As a fellow author, I tend to find the world building, character development, and pacing make or break a book for me. As such, I focus my reviews in these areas. With that said, here are my opinions on this book:
Though there are quite a few scenes with elements of the world highlighted, I cannot honestly say there was much in the way of actual world building. It is definitely a fantasy setting – beyond the races and species presented in the cast – but not much else really comes to light. Mostly, what the world is develops out of what the world is NOT, though the lack of actual development does not cause the story to feel shallow or whimsical at all.
The cast is deftly developed as they are introduced – each one is given a nice silhouette for the rest of the story to refine into a believable person. The refinement is highly depending on the screen time, and importance of the character to the scene in which they are introduced – some that appear for a scene, or two, are highly refined. Others are left as background shadows – useful to fill in scenes, but not fully fleshed in. (Almost like an inverse bas-relief carving.) It is an interesting technique to keep the reader turning the pages – you wonder what new contours will be revealed when the action shifts to shine new light angels into the characters you have begun to know.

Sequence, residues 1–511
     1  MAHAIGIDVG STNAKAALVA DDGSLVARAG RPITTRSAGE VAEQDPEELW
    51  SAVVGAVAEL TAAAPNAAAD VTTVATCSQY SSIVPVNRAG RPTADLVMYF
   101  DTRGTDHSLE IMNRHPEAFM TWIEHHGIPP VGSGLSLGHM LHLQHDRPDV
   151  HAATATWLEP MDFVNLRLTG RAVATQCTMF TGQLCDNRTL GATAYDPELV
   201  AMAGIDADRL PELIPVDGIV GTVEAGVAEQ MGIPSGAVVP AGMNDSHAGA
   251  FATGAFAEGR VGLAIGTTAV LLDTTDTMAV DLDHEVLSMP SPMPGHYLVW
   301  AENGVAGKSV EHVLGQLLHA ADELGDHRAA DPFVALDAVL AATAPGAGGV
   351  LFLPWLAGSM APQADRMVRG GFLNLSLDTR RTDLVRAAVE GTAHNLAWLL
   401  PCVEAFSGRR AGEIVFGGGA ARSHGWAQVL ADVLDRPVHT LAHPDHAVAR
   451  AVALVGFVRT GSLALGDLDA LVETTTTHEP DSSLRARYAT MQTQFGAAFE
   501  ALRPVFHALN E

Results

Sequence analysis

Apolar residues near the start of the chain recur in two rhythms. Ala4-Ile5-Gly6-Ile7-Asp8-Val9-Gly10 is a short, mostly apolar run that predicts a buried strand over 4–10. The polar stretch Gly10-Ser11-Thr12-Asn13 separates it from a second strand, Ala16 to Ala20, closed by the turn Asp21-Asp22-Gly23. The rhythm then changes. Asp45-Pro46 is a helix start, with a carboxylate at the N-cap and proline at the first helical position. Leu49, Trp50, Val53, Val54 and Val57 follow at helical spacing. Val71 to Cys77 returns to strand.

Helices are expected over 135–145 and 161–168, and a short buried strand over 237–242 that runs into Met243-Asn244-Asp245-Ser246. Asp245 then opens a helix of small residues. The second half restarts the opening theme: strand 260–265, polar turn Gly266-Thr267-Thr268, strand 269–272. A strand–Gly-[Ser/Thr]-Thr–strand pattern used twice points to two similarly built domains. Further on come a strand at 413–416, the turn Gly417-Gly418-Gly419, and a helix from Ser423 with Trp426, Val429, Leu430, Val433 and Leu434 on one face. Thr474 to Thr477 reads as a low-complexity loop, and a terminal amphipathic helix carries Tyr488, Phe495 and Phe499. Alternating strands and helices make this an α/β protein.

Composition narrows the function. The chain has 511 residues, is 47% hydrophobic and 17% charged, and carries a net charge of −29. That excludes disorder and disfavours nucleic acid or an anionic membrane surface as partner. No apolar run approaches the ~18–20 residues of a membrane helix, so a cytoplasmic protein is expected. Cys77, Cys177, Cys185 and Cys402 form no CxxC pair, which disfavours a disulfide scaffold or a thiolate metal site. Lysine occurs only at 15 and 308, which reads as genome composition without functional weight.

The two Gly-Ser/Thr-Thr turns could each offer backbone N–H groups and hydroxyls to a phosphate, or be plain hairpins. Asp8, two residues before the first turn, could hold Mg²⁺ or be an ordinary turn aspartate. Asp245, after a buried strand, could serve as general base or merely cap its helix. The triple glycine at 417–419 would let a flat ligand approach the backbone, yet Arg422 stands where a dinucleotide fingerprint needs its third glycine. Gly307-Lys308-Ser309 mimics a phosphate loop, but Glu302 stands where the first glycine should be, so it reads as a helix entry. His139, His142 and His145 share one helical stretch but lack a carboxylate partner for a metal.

The pacing was spot on for Aaspa’s Eyes. I felt no sense of time dilation or compression as I read through. Even with a couple of the more bucolic scenes where a sense of lag could have crept in, there was enough going on elsewhere to keep driving the story forward.
If Aaspa was human, having blue eyes wouldn't matter. But she isn't, so it does. And when she finds out how she came by the colour it rocks the foundations of her world. Can she emerge from the web of spite and rumour with her head held high? Or will her enemies manage to use the secret to lever her over the edge into insanity?